In the sequence below, Alexander seeks protection for his family when he learns that the Czar, with the help of Cossack regiments, is committing massacres to combat the Kazakh revolt of 1916. In this Kazakh version of SOPHIE’S CHOICE, a decision must be made about the fate of Alexander’s children—who will be saved and who will perish. The decision is based on the appearance of the child’s race. The scene, directed with considerable restraint, is a cinematic punch in the gut. Here is Alexander’s plea for his children’s safety as the Russian armies advance.
As he concludes the family history, Ivan’s grandfather remarks: “…what holds life together is not force, Ivan, but love…”. The comment comes as a surprise in the context of a culturally violent history. But it resonates strongly with Ivan and you sense that he has come upon a turning point in his life.
While it is not long before we see Ivan and Marja running after one another in perceived animosity, they ultimately collapse in each other’s arms after exhausting themselves. This time, however, there are no consequential bruises or black eyes. What may look like domestic violence through the prism of a Eurocentric culture is more accurately an interaction that is farcical and slapstick. The physical engagement is no longer intended to harm; it is an expression of frustration among a people who have been raised accordingly. The director intends that you laugh when they’re done fighting and surprisingly you do.
Interwoven throughout the film are shadow puppets that comment indirectly on the film’s narrative. They tell the story of a young man’s search for peace. It is a wish to be freed from grief and painful memories. Life may be tough on Ivan’s farm, but he and Marja are resilient, affectionate in their way, and sometimes even joyous. And Ivan’s grandfather certainly knows what he’s talking about when he shares his life lessons on love and war.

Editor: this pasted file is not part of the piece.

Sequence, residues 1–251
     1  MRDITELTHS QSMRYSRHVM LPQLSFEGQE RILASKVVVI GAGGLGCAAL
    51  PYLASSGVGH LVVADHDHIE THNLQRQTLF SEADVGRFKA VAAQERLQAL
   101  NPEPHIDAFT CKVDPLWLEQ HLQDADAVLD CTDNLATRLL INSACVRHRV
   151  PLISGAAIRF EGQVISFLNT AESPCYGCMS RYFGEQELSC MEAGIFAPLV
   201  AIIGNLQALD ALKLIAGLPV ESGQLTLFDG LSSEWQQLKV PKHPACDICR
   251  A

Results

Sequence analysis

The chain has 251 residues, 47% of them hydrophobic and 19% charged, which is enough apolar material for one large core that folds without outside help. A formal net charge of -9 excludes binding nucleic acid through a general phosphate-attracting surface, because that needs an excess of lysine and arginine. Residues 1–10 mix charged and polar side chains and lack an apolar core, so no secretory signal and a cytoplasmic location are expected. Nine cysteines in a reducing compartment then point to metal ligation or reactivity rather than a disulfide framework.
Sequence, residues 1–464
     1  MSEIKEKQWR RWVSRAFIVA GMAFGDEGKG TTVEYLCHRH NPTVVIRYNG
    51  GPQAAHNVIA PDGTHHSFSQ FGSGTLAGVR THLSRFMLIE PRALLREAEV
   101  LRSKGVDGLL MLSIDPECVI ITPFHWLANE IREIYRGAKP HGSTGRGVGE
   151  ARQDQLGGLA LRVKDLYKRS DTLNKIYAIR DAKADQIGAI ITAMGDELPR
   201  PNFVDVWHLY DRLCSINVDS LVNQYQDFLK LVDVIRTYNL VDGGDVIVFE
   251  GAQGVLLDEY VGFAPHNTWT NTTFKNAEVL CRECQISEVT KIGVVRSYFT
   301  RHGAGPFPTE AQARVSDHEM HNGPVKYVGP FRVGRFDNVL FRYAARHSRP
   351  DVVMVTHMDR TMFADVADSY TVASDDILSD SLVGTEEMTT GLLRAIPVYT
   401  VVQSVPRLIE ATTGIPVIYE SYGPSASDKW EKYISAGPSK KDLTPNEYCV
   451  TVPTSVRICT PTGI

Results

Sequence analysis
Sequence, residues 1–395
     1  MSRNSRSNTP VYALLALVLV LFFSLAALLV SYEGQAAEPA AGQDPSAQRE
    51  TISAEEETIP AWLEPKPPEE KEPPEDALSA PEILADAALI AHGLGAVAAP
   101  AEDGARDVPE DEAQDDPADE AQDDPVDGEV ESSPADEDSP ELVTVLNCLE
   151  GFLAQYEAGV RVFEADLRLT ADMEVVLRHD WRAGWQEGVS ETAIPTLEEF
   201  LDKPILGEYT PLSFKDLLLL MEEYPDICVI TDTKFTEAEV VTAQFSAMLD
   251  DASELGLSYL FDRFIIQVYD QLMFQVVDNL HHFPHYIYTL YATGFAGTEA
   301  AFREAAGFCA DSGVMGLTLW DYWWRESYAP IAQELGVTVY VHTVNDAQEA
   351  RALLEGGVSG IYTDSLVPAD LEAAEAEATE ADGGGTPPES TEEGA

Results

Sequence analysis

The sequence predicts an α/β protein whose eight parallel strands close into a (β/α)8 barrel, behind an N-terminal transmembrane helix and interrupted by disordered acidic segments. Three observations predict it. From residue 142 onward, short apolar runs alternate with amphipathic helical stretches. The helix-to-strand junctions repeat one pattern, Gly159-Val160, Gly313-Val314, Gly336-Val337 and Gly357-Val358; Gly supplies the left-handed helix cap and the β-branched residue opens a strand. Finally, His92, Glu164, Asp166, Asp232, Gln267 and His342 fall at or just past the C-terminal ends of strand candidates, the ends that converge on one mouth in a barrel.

In the latest episode of Global Pulse, host Erin Coker looks at global media coverage of the 20th anniversary of the fall of the Berlin Wall. Watch the episode and share your thoughts below!
I remember a talk I had with Danuta Pawlowska, the Polish grandmother of a good friend of mine, in her Warsaw apartment several years ago. A member of the Warsaw resistance during the Nazi occupation, Danuta was closely monitored after the communists took over in the mid 1940s.
She recalled a long gossip-filled phone conversation with a close friend. Two hours into the conversation, a booming male voice suddenly burst through the receiver. "Would you just shut up already?" the man groaned. "How much more of this must I listen to?!"
I had laughed at the time. For a young American with roots in Warsaw, the idea of a government agent listening to a banal chat with a friend was amusing – something fit for a dime store spy thriller. In Warsaw's meticulously reconstructed Old Town, today's foreign tourists purchase T-shirts and shot glasses; bursts of bad American pop music filter out of the same fashion chain stores that line Paris' Rue de Rennes or Copenhagen's Strøget. The stylish, boisterous students crowding the bars and cafes have no memory of life in pre-1989 Warsaw.
Yet, if you venture outside of the city center, the medieval architecture gives way to monotonous tenements, the color of diesel exhaust. Passing by some of these buildings at dusk is an unnerving, somewhat melancholy experience, and I'll admit that I glanced over my shoulder more than once. For Danuta and millions of others, that reality was life.
I was a child when the Berlin Wall came down. I remember the now-iconic images of jubilant Berliners rushing the wall with pickaxes, but I was too young to grasp the larger significance of the event and what it meant to Germany, Europe and the world.
I would like to say that I left Poland with a greater understanding of what day-to-day life must have been like for Europeans, such as Danuta, who had lived under the Soviet regime. Like Warsaw's younger generation, however, that second-hand knowledge can only resonate so much. The generation gap in Poland has resulted in a new type of barrier, between those who remember and those who came of age in a different time.
In the flood of anniversary coverage this week, the most telling, perhaps, is a BBC special report. Amidst the frenzy of anniversary festivities, Walls Around the World is a sobering reminder of the barriers, from North Korea to Botswana, that have yet to topple.
I think of Danuta and of the magnitude of what she witnessed. I wonder which other walls will come down over the course of my lifetime.